“In the unprecedented context of at least 13 variants circulating within the study population subset assessed at this interim analysis, CVnCoV demonstrated an interim vaccine efficacy of 47% against COVID-19 disease of any severity and did not meet prespecified statistical success criteria,” the company wrote in a statement posted Wednesday.
The low efficacy comes in contrast to Pfizer and Moderna’s mRNA COVID-19 vaccines with over 90% efficacy and only somewhat diminished protection in the face of viral variants.
CureVac said 134 COVID-19 cases were identified in the interim analysis, occurring at least two weeks post-second dose, with variants blamed for 124 cases, and just one case was attributed to the original virus. The study involved approximately 40,000 participants across 10 countries in Latin America and Europe.
“While we were hoping for a stronger interim outcome, we recognize that demonstrating high efficacy in this unprecedented broad diversity of variants is challenging. As we are continuing toward the final analysis with a minimum of 80 additional cases, the overall vaccine efficacy may change,” Dr. Franz-Werner Haas, CEO of CureVac, said in a statement. “In addition, the variant-rich environment underlines the importance of developing next-generation vaccines as new virus variants continue to emerge.”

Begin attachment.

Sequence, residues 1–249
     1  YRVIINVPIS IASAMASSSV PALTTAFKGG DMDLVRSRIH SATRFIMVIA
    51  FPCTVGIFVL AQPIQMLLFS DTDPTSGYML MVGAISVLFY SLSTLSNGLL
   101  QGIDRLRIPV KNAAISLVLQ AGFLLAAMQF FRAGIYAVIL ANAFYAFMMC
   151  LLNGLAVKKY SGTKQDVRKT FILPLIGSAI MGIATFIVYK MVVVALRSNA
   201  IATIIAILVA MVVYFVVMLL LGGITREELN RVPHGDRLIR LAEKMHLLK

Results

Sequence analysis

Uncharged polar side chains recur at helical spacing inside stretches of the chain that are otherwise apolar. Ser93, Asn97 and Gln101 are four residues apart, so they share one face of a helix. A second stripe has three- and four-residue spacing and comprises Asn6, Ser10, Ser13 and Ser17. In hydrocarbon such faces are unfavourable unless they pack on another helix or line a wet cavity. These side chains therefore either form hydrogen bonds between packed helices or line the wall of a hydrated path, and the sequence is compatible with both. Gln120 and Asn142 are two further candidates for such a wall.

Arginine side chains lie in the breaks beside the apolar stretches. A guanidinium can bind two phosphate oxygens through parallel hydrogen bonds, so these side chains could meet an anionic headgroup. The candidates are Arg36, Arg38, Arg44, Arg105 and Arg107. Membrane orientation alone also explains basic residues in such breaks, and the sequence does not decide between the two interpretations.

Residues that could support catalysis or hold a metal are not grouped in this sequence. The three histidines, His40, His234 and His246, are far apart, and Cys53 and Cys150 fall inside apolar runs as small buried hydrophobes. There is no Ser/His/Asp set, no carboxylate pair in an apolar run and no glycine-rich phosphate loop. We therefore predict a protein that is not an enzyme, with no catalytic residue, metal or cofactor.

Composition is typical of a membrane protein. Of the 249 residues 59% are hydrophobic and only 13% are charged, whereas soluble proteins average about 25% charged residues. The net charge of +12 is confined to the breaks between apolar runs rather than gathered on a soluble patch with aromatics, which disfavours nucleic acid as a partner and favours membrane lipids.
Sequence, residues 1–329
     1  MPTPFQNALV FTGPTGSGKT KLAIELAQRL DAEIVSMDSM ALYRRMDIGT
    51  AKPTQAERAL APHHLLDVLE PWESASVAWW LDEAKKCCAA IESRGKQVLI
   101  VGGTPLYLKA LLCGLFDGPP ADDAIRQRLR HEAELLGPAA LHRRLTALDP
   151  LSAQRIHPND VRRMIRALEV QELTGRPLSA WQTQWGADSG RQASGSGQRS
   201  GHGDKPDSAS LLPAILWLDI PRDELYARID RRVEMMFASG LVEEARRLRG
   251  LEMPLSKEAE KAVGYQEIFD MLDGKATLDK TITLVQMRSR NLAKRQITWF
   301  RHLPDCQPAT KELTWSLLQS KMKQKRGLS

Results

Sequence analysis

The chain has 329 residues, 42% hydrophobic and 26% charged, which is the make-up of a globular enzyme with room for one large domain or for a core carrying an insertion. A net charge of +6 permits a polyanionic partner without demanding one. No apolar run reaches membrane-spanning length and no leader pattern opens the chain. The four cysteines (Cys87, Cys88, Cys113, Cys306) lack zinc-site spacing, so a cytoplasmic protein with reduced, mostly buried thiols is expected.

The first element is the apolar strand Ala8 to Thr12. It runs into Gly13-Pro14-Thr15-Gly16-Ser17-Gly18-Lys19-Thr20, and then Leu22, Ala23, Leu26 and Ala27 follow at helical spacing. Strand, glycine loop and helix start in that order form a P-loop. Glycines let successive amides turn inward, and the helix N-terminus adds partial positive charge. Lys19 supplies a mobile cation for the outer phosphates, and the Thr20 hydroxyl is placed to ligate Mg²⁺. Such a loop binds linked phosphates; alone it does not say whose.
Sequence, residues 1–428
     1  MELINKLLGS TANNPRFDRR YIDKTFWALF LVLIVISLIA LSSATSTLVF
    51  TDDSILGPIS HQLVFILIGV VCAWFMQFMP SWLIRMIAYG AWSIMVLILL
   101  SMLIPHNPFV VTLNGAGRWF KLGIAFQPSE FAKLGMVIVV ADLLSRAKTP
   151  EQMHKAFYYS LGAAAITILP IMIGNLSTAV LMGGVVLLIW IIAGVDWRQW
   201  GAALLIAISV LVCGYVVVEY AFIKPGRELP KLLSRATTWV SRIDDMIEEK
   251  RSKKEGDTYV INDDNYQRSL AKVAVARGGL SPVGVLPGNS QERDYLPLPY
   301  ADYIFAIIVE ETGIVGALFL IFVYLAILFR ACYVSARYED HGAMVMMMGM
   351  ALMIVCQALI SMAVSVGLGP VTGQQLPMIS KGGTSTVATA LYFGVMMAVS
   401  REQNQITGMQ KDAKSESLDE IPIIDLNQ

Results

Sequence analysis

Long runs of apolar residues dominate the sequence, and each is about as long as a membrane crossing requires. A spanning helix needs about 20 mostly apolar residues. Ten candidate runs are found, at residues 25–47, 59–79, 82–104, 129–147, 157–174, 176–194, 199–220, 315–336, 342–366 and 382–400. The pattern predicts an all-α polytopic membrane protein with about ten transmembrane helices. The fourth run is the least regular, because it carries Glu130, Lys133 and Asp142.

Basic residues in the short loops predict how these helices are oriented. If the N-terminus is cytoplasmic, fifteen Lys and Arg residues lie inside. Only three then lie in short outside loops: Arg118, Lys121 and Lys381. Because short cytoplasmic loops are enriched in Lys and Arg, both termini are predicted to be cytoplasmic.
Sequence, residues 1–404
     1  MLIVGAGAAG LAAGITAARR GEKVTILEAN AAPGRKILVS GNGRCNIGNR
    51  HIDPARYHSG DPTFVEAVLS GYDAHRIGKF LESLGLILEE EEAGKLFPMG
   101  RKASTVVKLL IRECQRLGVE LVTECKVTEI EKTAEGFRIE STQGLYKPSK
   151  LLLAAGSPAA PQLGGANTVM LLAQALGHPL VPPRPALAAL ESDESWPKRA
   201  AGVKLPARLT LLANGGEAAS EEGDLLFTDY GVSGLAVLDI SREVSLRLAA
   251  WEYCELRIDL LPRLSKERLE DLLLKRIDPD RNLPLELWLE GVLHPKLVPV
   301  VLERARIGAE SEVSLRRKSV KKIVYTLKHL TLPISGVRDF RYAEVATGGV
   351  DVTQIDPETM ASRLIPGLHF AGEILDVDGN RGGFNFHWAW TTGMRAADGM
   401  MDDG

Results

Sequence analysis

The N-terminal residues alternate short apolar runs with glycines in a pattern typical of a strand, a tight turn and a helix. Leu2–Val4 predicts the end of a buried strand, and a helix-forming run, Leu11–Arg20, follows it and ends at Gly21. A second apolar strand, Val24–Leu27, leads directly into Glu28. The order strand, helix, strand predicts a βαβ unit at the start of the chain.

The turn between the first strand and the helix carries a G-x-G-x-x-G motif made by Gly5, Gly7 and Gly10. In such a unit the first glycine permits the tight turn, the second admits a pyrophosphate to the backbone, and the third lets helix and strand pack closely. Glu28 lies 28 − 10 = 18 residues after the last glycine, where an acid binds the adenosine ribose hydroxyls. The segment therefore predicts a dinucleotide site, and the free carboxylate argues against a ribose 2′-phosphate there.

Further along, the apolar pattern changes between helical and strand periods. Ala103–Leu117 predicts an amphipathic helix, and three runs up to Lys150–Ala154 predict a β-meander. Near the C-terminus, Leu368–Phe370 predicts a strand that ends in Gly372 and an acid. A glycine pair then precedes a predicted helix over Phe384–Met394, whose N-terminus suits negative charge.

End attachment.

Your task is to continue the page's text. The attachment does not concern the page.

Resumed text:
However, the German health ministry said the study’s shortcomings will not impact the speed of the country’s vaccination rollout, Reuters reported. A lead scientist on the study, Peter Kremsner from the University Hospital in Tuebingen, told Reuters he suspects the vaccine’s low dosage contributed to the less-than-hoped for efficacy. Kremsner told the outlet the low efficacy is “very likely due to the dose”.
CureVac didn’t modify the mRNA in the shot, unlike Pfizer and Moderna, and couldn’t achieve a higher dosage due to expected side effects, he said.
“We believe the resulting multi-variant study represents to date, presented today, provides important insights into [a] dramatically transformed variant environment, suggesting that we are virtually fighting a different virus and a different pandemic over the last six months,” the CEO said over a conference call on Thursday.
European governments were aiming to add the vaccine to their stockpile of jabs against COVID-19 after age restrictions were placed on Johnson & Johnson and AstraZeneca’s vaccine amid a tie to rare but serious blood clotting.